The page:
Tim L. Shuck of Ames, IA was the first of several E-Sylum readers who forwarded this article from Monday's Wall Street Journal.
Enthusiasts of frequent-flier mileage have all kinds of crazy strategies for racking up credits, but few have been as quick and easy as turning coins into miles.
At least several hundred mile-junkies discovered that a free shipping offer on presidential and Native American $1 coins, sold at face value by the U.S. Mint, amounted to printing free frequent-flier miles. Mileage lovers ordered more than $1 million in coins until the Mint started identifying them and cutting them off.
Coin buyers charged the purchases, sold in boxes of 250 coins, to a credit card that offers frequent-flier mile awards, then took the shipments straight to the bank. They then used the coins they deposited to pay their credit-card bills. Their only cost: the car trip to make the deposit.
Richard Baum, a software-company consultant who lives in New Jersey, ordered 15,000 coins. "I never unrolled them," he says. "The UPS guy put them directly in my trunk."
Patricia Hansen, a San Diego retiree who loves to travel, ordered $10,000 in coins from the Mint. "My husband took them to the bank," Ms. Hansen says, and she earned 10,000 miles toward free or upgraded travel.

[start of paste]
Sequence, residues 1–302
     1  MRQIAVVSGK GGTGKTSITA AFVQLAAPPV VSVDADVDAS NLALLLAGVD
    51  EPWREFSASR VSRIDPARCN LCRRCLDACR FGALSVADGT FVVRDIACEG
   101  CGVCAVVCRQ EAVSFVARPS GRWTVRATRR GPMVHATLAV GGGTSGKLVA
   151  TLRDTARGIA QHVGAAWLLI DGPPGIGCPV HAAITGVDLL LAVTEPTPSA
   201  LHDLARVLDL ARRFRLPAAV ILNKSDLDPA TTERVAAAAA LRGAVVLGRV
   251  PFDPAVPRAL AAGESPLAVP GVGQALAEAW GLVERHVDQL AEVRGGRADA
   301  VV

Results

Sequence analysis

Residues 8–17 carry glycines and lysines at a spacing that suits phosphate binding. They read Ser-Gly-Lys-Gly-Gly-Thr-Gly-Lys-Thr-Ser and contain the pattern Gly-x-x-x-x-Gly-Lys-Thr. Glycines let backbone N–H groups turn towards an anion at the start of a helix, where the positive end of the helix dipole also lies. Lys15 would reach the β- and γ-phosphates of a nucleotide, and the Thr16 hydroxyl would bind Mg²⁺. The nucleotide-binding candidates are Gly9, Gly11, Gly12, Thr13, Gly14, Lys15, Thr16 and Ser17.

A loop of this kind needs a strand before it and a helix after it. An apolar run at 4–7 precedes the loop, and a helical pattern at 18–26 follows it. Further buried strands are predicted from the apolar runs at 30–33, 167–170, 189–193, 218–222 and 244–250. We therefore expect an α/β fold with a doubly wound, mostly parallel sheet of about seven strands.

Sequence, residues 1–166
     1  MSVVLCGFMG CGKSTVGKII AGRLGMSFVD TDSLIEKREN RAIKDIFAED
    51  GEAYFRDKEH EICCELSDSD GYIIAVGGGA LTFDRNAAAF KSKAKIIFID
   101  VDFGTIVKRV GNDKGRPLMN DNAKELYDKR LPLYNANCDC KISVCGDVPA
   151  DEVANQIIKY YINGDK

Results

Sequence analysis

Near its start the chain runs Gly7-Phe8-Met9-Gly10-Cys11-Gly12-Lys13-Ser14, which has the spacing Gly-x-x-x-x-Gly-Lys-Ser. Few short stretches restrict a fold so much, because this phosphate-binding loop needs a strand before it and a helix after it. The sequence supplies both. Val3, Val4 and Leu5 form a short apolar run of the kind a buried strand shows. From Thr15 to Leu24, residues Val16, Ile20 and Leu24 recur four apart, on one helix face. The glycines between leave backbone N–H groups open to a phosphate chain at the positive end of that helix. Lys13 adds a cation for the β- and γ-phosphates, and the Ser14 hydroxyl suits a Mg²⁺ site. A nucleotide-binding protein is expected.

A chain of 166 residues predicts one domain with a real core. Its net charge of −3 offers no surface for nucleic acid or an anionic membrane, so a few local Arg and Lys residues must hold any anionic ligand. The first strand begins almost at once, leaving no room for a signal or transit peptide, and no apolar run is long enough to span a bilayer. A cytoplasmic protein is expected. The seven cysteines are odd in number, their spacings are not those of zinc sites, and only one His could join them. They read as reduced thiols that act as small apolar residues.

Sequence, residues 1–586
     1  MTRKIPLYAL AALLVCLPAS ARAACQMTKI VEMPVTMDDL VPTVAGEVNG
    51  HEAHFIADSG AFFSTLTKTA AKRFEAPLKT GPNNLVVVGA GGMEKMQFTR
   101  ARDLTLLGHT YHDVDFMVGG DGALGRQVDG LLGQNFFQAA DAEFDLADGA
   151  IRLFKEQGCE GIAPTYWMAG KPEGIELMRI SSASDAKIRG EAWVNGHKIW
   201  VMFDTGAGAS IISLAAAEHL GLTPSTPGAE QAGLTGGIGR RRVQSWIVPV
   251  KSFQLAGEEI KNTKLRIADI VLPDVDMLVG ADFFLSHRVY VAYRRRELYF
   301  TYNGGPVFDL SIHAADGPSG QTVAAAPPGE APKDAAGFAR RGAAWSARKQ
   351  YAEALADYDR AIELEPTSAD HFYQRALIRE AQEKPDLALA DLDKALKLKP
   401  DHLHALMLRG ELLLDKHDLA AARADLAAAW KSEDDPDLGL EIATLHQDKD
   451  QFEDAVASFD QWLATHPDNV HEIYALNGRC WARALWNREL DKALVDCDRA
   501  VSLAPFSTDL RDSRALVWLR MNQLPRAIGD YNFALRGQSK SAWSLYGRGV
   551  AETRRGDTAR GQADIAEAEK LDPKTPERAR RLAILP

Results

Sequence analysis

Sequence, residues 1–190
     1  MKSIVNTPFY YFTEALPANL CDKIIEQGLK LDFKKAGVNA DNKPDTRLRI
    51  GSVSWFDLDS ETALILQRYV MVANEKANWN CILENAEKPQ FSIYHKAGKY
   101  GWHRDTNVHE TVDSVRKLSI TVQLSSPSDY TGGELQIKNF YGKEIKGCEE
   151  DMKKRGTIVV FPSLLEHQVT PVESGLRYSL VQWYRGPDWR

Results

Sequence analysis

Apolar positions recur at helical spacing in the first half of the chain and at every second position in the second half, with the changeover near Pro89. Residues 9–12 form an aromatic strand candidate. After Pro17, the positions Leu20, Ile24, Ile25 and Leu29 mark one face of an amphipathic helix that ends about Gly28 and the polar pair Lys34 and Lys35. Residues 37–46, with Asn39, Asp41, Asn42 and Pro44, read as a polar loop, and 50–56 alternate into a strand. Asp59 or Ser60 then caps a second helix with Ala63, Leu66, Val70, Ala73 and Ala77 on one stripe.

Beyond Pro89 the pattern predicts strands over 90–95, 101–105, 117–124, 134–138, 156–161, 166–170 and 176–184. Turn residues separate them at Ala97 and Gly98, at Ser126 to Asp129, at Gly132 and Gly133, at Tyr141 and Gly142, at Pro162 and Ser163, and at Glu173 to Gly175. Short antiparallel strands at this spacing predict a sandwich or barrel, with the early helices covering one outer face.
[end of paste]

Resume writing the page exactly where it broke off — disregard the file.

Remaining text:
Even with all the offers that are available, the deal the Mint offers -- free miles without spending any dollars -- is unique. The Mint says the dollar-coin free-shipping offer began in June 2008. About $130 million in coins have been issued to 40,000 buyers, mostly coin collectors, community banks and small businesses such as vending-machine companies and car washes.
The Mint says it costs, on average, about $3 to ship each 250-coin box. So $10,000 in coins would be 40 boxes, or $120 in shipping. As for credit-card costs to the government, a Treasury Department agency handles all government credit-card transactions and negotiates costs. No particular credit-card expense is charged to the Mint, a spokesman says.
In late August and September, officials noticed a sharp uptick in "large repetitive orders" from a group of individuals, Mint spokesman Tom Jurkowsky says. At about the same time, the Mint received reports from banks around the country that coins were being deposited that were still in their U.S. Mint boxes, he says.
Officials found Internet chat rooms where the coins-for-miles scheme was detailed. Letters were sent to customers asking whether their intended use complied with the program's purpose. Customers who didn't respond were blocked from the program, Mr. Jurkowsky says. Fewer than 400 buyers were blocked, he says.
"Is this illegal? No. Is it the right thing to do? No, it's not what the program is intended to do," Mr. Jurkowsky says.
To read the complete article, see:
Miles for Nothing: How the Government Helped Frequent Fliers Make a Mint
Wayne Homren, Editor
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